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Harpers Dictionary of Classical Antiquities

Pharae

A town of Messenia mentioned as early as Homer (Il. v. 543).


Greek & Roman Geography (ed. William Smith)

Pharae

  Pharai, Phere, Pherai, Eth. Pharates, Pharaiates. An ancient town of Messenia, situated upon a hill rising from the left bank of the river Nedon, and at a distance of a mile from the Messenian gulf. Strabo describes it as situated 5 stadia from the sea (viii. p. 361), and Pausanias 6 (iv. 31. § 3); but it is probable that the earth deposited at the mouth of the river Nedon has, in the course of centuries, encroached upon the sea. Pherae occupied the site of Kaleamata, the modern capital of Messenia; and in antiquity also it seems to have been the chief town in the southern Messenian plain. It was said to have been founded by Pharis, the son of Hermes. (Paus. iv. 30. § 2.) In the Iliad it is mentioned as the well-built city of the wealthy Diocles, a vassal of the Atridae (v. 543), and as one of the seven places offered by Agamemnon to Achilles (ix. 151); in the Odyssey, Telemachus rests here on his journey from Pylos to Sparta (iii. 490). After the capture of Messene by the Achaeans in B.C. 182, Pharae, Abia, and Thuria separated themselves from Messene, and became each a distinct member of the league. (Polyb. xxv. 1.) Pharae was annexed to Laconia by Augustus (Paus. iv. 30. § 2), but it was restored to Messenia by Tiberius. Pausanias found at Pharae temples of Fortune, and of Nicomachus and Gorgasus, grandsons of Asclepius. Outside the city there was a grove of Apollo Carneius, and in it a fountain of water. (Paus. iv. 30. § 3, seq., iv. 31. § 1.) Strabo correctly describes Pharae as having an anchorage, but only for summer (viii. p. 361); and at present, after the month of September ships retire for safety to Armyro, so called from a river strongly impregnated with salt flowing into the sea at this place: it is the (hudor halmuron, mentioned by Pausanias (iv. 30. § 2) as on the road from Abia to Pharae.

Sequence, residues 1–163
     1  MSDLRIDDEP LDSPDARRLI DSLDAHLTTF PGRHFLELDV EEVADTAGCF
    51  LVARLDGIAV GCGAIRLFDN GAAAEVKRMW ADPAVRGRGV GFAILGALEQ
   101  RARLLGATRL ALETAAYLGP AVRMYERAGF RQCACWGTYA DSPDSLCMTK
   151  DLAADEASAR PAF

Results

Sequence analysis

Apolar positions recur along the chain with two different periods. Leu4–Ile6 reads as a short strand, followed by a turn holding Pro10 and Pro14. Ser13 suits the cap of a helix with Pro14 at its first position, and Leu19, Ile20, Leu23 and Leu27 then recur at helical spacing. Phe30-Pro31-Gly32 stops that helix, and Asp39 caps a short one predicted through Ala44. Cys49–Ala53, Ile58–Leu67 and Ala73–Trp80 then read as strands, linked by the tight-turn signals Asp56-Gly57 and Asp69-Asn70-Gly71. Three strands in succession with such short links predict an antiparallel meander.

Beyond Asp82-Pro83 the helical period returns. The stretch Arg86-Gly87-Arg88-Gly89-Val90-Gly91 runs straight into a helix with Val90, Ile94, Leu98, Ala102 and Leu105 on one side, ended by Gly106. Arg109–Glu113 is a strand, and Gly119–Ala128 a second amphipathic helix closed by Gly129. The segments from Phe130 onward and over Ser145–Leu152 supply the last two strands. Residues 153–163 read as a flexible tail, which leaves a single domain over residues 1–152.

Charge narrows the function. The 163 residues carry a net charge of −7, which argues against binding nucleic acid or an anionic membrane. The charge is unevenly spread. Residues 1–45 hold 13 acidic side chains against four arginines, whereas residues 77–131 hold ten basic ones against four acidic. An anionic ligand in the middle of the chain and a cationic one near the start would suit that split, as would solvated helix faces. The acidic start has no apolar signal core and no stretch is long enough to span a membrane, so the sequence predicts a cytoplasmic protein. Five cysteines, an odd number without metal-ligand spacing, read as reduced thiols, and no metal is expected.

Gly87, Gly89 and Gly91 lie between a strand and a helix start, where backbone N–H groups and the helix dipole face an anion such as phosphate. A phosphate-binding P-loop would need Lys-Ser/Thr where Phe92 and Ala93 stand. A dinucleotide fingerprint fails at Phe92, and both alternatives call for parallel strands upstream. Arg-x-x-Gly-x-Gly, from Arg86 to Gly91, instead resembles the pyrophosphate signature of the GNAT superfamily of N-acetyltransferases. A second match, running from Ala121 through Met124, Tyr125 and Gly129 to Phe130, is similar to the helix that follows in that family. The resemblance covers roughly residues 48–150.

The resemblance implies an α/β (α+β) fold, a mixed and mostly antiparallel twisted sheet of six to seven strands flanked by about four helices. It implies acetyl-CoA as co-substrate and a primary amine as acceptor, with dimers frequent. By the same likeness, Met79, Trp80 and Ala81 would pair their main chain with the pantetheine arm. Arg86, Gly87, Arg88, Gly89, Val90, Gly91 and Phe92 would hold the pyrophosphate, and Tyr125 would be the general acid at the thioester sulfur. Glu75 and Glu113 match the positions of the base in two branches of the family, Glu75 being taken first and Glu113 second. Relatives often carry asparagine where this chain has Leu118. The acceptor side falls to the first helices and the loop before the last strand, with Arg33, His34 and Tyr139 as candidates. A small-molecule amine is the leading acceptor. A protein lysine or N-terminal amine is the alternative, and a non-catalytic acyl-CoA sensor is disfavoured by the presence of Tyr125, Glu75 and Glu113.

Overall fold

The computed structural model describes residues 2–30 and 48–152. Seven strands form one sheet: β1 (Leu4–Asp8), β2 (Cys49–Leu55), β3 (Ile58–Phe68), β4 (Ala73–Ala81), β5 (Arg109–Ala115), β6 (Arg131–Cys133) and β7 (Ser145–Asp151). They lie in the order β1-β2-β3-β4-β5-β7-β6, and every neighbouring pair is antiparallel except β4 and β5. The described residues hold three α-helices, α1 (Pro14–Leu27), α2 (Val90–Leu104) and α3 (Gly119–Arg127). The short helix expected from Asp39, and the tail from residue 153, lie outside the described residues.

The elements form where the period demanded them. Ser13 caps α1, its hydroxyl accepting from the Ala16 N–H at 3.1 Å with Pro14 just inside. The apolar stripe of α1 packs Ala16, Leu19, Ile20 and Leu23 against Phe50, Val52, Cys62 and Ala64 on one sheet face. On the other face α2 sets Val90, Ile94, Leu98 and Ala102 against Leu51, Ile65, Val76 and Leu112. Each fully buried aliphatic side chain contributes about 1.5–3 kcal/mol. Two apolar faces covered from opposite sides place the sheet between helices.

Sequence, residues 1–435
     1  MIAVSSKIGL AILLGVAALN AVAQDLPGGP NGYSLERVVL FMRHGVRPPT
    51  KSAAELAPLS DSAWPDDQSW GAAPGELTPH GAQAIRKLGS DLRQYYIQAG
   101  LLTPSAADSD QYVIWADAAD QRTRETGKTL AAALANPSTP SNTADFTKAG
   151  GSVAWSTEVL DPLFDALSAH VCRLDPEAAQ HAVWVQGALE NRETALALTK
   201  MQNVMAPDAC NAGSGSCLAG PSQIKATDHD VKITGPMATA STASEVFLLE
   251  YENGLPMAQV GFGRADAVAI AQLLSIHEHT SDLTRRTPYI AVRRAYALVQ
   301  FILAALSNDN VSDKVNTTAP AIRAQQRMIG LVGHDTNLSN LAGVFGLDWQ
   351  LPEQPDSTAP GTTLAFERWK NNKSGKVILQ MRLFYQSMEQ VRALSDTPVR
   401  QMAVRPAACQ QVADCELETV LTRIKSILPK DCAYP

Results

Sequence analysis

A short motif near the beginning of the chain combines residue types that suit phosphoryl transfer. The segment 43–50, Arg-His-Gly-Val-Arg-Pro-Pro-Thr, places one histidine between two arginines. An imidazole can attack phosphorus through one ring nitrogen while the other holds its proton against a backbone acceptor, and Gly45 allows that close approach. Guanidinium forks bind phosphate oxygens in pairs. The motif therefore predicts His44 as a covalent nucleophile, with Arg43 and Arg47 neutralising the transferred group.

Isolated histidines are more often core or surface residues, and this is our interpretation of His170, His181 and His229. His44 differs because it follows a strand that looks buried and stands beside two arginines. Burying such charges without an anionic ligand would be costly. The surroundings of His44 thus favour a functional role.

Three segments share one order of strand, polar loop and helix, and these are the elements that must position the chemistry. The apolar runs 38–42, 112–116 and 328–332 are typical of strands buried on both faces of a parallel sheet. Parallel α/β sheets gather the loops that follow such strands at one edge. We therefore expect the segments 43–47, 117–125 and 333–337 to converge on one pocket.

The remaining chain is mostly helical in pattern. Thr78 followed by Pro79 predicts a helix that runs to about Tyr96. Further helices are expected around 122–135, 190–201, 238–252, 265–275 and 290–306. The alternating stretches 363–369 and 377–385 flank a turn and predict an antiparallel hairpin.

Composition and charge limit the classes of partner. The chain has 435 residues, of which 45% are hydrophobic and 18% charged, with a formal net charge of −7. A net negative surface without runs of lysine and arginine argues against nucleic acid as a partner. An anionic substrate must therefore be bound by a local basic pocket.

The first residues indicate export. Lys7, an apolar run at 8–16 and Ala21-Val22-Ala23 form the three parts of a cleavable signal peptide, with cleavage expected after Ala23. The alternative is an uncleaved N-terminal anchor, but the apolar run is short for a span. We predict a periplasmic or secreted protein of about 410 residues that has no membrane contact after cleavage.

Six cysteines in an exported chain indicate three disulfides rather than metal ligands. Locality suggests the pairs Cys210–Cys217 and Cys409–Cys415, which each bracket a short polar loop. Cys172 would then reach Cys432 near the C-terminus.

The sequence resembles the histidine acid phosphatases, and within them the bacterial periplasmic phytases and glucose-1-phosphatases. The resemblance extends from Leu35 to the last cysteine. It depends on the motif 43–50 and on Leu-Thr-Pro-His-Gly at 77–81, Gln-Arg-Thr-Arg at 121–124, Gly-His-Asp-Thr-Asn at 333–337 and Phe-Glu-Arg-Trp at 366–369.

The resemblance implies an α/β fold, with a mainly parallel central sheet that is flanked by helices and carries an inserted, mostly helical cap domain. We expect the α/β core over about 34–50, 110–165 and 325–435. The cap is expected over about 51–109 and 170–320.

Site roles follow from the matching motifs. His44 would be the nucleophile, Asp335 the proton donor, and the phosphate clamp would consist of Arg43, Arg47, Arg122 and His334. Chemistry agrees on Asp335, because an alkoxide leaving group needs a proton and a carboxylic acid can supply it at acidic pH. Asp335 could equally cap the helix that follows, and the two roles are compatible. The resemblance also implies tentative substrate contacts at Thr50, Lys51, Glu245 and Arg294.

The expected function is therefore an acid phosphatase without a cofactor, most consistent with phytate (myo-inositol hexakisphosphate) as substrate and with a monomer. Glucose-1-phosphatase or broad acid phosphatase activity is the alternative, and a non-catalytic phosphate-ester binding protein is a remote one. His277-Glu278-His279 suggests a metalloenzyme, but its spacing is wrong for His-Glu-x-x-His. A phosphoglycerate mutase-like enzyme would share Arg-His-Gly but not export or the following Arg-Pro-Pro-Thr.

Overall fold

There are no ancient remains at Kalamata, which is not surprising, as the place has always been well occupied and inhabited. The height above the town is crowned by a ruined castle of the middle ages. It was the residence of several of the Latin chieftains of the Morea. William Villehardouin II. was born here. In 1685 it was conquered and enlarged by the Venetians. It was the headquarters of the insurrection of 1770, and again of the revolution of 1821, which spread from thence over the whole peninsula.

This text is from: Dictionary of Greek and Roman Geography (1854) (ed. William Smith, LLD). Cited June 2004 from The Perseus Project URL below, which contains interesting hyperlinks


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